Dr. Mona Hanna-Attisha, a Flint pediatrician and professor, became a hero when she helped expose Flint's dangerous water crisis. Lately, the city of Newark faces a similar crisis and other cities are dealing with the health issue.
So she has written a New York Times guest column headlined "I Helped Expose the Lead Crisis in Flint. Here’s What Other Cities Should Do. The fight against lead in water is a fight for our kids."
Four years ago, with my white coat on, I stepped out of my pediatric clinic and held a news conference. Lifting a baby bottle filled with water from Flint, Mich., I shared my research: Lead was increasingly in the blood of Flint’s children. The powers-that-be tried to silence me initially, but persistence, activism, teamwork and science prevailed. Since then, Flint has been on a slow but sure path toward recovery.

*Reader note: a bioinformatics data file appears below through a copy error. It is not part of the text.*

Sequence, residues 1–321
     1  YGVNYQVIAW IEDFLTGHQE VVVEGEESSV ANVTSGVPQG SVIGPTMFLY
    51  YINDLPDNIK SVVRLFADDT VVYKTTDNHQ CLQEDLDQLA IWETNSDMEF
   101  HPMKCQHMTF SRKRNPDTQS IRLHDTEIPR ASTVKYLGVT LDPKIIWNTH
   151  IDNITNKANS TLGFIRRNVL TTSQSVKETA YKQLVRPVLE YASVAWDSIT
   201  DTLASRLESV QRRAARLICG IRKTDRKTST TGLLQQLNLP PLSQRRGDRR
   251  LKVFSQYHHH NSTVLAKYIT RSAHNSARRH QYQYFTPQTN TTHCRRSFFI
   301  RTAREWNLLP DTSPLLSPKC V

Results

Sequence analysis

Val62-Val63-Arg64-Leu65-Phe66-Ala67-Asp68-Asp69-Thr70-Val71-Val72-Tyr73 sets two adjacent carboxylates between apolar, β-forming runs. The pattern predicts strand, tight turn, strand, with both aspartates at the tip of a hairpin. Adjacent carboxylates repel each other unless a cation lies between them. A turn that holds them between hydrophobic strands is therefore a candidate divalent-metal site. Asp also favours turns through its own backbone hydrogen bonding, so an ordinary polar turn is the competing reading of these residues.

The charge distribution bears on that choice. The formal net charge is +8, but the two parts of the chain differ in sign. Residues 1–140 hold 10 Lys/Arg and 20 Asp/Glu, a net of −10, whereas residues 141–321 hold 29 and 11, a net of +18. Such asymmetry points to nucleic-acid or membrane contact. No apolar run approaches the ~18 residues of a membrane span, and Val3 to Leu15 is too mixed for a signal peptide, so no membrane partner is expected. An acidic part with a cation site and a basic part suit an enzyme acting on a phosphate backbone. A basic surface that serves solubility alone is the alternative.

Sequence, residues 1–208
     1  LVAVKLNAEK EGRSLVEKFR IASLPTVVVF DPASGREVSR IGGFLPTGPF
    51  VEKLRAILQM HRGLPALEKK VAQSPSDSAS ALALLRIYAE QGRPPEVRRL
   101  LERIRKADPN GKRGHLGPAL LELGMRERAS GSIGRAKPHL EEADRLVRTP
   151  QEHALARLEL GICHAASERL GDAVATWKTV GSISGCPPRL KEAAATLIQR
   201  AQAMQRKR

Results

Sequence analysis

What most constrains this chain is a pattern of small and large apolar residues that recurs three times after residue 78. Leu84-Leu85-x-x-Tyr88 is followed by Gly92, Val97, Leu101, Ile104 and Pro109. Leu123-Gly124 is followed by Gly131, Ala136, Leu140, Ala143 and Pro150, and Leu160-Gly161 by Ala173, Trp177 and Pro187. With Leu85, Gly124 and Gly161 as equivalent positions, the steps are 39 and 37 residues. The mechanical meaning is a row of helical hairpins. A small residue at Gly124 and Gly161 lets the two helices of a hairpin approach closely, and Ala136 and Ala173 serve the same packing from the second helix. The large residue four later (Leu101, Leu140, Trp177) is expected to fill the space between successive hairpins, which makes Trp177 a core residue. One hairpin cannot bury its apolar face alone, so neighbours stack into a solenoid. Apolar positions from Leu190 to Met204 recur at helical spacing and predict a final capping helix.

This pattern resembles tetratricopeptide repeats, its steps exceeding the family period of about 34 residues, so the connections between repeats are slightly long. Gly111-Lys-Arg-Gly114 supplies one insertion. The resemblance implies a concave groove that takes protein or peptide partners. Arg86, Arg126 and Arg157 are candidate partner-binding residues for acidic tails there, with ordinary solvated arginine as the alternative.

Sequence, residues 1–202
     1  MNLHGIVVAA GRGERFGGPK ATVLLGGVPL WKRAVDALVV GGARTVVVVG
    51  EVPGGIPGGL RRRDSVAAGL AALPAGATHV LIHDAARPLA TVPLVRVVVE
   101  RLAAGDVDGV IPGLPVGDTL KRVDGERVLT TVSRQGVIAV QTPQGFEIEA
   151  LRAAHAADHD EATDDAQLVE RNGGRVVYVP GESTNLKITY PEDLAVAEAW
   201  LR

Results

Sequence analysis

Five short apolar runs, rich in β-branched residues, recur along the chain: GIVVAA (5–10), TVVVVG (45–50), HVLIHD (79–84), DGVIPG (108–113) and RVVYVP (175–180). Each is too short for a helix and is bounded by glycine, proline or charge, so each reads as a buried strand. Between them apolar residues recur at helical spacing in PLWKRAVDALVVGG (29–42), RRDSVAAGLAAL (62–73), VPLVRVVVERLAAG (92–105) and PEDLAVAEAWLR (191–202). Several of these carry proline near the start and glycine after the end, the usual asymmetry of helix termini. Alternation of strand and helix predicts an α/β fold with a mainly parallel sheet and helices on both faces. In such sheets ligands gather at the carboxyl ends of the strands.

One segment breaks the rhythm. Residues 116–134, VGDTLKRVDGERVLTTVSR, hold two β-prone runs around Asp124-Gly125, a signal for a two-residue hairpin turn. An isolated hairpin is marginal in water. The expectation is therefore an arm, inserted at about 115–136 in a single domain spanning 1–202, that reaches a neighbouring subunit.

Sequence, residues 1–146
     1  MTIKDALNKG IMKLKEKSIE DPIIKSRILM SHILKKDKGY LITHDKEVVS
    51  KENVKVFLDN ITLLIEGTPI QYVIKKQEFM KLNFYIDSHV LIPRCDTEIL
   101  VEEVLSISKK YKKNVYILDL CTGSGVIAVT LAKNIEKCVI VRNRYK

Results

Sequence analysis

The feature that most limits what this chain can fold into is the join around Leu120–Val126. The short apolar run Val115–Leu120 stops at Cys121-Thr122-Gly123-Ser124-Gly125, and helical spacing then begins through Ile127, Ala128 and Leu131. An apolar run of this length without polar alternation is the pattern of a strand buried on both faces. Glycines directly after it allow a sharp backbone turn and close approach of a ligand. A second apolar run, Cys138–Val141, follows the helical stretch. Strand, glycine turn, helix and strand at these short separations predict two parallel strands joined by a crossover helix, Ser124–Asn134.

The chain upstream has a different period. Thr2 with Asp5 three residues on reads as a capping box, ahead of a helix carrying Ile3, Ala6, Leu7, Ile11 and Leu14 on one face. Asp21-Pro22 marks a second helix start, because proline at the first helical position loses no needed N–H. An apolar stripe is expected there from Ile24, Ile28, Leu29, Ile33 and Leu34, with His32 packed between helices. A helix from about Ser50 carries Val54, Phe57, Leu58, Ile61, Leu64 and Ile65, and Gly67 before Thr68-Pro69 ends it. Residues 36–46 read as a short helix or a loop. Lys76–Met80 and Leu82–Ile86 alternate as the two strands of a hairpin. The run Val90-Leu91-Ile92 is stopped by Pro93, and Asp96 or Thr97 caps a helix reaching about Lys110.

Flint is an extreme case but not unique. A troubling number of cities across the country — Pittsburgh, Chicago, Portland, Ore. — are struggling with elevated lead in their drinking water. It’s one of the legacies of the profit-driven and largely unaccountable lead industry that thwarted science, fought regulations and forced its use in our gasoline, paint and plumbing.
Now Newark, a city with three times the population of Flint, is facing a similar problem of lead in its drinking water. Because of weak sampling requirements in the federal Lead and Copper Rule, we may never know when Newark’s corrosion control treatment started to fail, but data showing lead was present in drinking water first appeared in 2016 — and that in itself is troubling. . . .
So that’s the history lesson that I want to pass on to Newark. Stay woke and keep fighting. Our public health protections fundamentally tell us how much or little we value our children. Beyond drinking water, the stories of Flint and Washington also shed light on the deteriorating infrastructure and environmental injustice in our cities.
It’s not enough to be aware of injustice; we need to take action — even when it’s hard or scary or may seem impossible. And especially when everyone else wants you to stay silent.